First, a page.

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Base Coins

coin, silver, cut, counterfeit, gold and person

BASE COINS. A banker is justified in breaking or destroying any base coins which come into his hands. Section 26 of 24 & 25 Viet. c. 99 enacts : " Where any coin shall be tendered as the Queen's current gold or silver coin to any person who shall suspect the same to he diminished otherwise than by reasonable wearing, or to be counterfeit, it shall be lawful for such person to cut, break bend, or deface such coin, and if any coin so cut, broken, bent or defaced shall appear to be diminished otherwise than by reasonable wearing, or to be counterfeit. the person tendering the same shall bear the loss thereof, but if the same shall be of due weight and shall appear to be lawful coin, the person cutting, breaking, bending, or defac ing the same is hereby required to receive the same at the rate it was coined for ; and if any dispute shall arise whether the coin so cut, broken, bent or defaced be diminished in manner aforesaid, or counterfeit, it shall be heard and finally determined in a sum mary manner by any justice of the peace, who is hereby empowered to examine upon oath as well the parties as any other person, in order to the decision of such dispute ; and the Tellers at the Receipt of Her Majesty's Exchequer, and their deputies and clerks. and the Receivers-General of every branch of Her Majesty's Revenue, are hereby re quired to cut, break, or deface, or cause to be cut, broken, or defaced every piece of counterfeit or unlawfully diminished gold or silver coin which shall be tendered to them in payment of any part of HerMajestv's Revenue." Base silver coins are very frequently met with, and in some cases they are rather diffi cult at first sight to distinguish from genuine ones. Various tests are applied to a sus pected " silver " coin. If it is a base one it will be easily cut, or bent, or broken, and its general appearance to the eye of an expert will call attention to its real nature. On close examination it will usually be found that the raised letters or figures are not so sharply defined as on a real coin. An ex amination of the milling will reveal a rough ness and irregularity, which is often particu larly noticeable at a spot on the edge repre senting the place where the metal was poured into the mould. Its weight and size may be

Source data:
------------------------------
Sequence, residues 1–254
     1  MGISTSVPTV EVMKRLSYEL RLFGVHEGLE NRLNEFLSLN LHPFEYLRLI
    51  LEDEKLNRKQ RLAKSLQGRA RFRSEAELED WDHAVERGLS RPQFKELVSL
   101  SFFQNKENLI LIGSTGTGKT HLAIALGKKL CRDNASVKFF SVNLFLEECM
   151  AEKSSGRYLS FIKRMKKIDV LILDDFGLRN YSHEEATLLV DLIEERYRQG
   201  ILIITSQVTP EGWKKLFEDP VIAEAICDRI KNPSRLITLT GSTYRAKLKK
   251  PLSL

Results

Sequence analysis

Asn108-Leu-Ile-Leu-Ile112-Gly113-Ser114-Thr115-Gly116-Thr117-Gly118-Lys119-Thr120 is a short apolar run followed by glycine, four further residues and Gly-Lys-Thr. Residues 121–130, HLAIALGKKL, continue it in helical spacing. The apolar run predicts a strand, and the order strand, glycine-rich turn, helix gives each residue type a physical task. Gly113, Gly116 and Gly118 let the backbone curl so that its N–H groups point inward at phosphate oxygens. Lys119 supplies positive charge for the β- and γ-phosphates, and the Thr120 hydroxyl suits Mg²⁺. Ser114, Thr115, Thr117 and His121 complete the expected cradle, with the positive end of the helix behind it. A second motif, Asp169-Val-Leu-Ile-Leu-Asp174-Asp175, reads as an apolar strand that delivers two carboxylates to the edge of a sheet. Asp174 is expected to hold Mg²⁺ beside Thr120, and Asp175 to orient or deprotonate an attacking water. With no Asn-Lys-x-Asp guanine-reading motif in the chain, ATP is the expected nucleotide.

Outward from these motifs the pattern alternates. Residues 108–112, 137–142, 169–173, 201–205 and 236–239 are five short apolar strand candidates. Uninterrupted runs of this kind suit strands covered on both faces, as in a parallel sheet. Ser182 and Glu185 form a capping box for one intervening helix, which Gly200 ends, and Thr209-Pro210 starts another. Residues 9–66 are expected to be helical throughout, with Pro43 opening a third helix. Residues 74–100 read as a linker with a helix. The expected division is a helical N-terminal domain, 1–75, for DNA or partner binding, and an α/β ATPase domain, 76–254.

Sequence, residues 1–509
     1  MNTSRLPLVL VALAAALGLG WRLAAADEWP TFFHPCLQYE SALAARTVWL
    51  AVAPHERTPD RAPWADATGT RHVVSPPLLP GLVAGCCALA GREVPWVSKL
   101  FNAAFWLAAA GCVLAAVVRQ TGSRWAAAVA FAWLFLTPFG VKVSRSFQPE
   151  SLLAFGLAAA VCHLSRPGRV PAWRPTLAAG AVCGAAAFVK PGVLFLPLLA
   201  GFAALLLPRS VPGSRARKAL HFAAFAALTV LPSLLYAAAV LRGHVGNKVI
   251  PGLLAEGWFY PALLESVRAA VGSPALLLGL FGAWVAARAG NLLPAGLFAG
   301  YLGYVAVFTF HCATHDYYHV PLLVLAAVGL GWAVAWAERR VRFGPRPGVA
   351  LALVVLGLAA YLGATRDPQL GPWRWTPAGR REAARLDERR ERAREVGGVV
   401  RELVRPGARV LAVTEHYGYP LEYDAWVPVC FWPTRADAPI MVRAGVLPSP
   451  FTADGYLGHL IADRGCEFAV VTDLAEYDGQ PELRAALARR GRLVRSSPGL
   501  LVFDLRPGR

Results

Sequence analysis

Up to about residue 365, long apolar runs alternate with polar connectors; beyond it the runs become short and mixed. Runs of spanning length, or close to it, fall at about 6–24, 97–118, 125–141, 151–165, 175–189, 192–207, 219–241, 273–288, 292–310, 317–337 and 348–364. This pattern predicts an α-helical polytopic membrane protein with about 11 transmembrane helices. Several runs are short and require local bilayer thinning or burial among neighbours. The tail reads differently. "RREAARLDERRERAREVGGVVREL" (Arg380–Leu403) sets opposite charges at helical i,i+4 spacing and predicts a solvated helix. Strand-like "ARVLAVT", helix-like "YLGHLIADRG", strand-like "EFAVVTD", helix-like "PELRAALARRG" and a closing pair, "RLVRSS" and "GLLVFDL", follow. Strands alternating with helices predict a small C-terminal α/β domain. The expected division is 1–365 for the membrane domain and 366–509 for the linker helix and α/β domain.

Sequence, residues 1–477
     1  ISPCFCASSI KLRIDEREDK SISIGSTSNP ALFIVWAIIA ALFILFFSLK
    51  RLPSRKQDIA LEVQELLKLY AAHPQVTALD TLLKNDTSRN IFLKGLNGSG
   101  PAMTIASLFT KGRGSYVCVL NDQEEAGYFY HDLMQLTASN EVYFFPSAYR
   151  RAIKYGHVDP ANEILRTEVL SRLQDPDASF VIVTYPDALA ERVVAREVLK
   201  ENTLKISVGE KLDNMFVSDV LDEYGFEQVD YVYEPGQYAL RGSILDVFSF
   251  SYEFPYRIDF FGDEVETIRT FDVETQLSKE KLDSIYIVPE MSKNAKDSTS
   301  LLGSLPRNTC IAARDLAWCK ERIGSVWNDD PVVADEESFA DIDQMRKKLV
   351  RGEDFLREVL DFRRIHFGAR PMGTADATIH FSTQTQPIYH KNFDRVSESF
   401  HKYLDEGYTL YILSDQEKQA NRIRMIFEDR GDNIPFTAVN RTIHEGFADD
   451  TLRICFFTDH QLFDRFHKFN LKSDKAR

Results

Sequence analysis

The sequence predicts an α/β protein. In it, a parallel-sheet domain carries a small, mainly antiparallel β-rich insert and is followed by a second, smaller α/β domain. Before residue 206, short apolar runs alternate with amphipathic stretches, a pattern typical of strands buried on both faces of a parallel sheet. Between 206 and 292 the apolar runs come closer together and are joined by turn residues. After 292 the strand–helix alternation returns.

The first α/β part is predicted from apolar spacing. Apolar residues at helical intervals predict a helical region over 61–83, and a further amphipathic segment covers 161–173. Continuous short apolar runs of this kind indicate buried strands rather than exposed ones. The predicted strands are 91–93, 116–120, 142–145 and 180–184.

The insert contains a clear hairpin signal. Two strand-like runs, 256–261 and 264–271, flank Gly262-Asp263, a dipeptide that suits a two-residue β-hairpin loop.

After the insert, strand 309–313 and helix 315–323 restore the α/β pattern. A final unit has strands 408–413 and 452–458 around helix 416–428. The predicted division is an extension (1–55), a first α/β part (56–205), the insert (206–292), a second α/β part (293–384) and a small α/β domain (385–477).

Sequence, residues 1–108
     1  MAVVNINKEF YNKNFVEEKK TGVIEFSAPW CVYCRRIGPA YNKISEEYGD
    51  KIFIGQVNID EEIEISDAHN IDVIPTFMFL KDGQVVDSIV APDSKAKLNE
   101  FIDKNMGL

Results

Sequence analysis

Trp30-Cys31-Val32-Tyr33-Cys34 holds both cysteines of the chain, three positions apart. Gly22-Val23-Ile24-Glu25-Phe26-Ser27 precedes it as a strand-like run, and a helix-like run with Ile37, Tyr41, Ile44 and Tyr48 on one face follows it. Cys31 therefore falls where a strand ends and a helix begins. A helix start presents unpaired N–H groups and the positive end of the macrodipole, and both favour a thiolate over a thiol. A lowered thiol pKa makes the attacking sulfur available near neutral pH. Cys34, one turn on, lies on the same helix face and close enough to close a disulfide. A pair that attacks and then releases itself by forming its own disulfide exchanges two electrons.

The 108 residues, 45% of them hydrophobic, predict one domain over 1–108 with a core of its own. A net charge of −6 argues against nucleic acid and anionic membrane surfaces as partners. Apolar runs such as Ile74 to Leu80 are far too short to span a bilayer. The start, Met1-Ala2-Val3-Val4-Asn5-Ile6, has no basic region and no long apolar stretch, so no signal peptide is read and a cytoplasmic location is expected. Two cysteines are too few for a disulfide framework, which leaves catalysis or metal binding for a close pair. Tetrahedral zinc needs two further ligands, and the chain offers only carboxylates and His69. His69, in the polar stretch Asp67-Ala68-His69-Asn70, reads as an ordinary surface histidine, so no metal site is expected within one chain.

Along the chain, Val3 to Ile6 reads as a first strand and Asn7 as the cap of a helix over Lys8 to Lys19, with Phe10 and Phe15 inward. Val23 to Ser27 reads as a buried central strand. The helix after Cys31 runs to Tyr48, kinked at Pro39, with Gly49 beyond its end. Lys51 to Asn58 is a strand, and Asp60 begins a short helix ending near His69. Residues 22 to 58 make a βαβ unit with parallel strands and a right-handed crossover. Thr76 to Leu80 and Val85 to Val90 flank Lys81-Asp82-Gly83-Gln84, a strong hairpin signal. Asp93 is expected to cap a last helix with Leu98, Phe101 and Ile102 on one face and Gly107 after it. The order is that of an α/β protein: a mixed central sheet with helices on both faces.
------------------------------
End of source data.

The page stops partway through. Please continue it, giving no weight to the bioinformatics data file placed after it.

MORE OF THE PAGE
tested with a good coin, and also its sound when thrown upon the counter. The sound by itself, however, is not sufficient, as a good coin which is cracked will not give the true ring. If caustic marks the coin black it reveals its baseness, but that test may be defeated if the surface is a thin coat of silver. A pocket lens is useful in the examination of a doubtful coin as it makes the roughness of a counterfeit coin more noticeable. Those officers who are much in contact with silver profess to be able to tell a false from a gen uine coin by the touch, the false one having a " greasy " kind of feeling. " A coin or other object made of silver may be known by the following marks : (1) A fine pure white lustre, where newly rubbed or scraped ; (2) a blackish tint where the surface has long been exposed to the air ; (3) a moderate specific gravity ; (4) a good metallic ring when thrown down ; (5) considerable hard ness ; (6) strong nitric acid dissolves silver, and the solution turns black if exposed to light " ( Jevons).

" We can usually ascertain whether a coin consists of gold or not, by looking for three characteristic marks : (1) the brilliant yellow colour ; (2) the high specific gravity ; (3) the metallic ring of the coin when thrown down, which will prove the absence of lead or platinum in the interior of the coin. Gold is insoluble in all the simple acids and does not corrode or become tarnished in any way. Strong nitric acid will rapidly attack any coloured counterfeit metal, hut will not touch standard gold, or will, at the most, feebly dissolve the copper and silver alloyed with it " ( Jevons).

Where a customer receives money in pay ment of a cheque and takes it away without making any comment upon it, he cannot, legally, return to the banker and say that it contained a base coin. (See COINAGE.)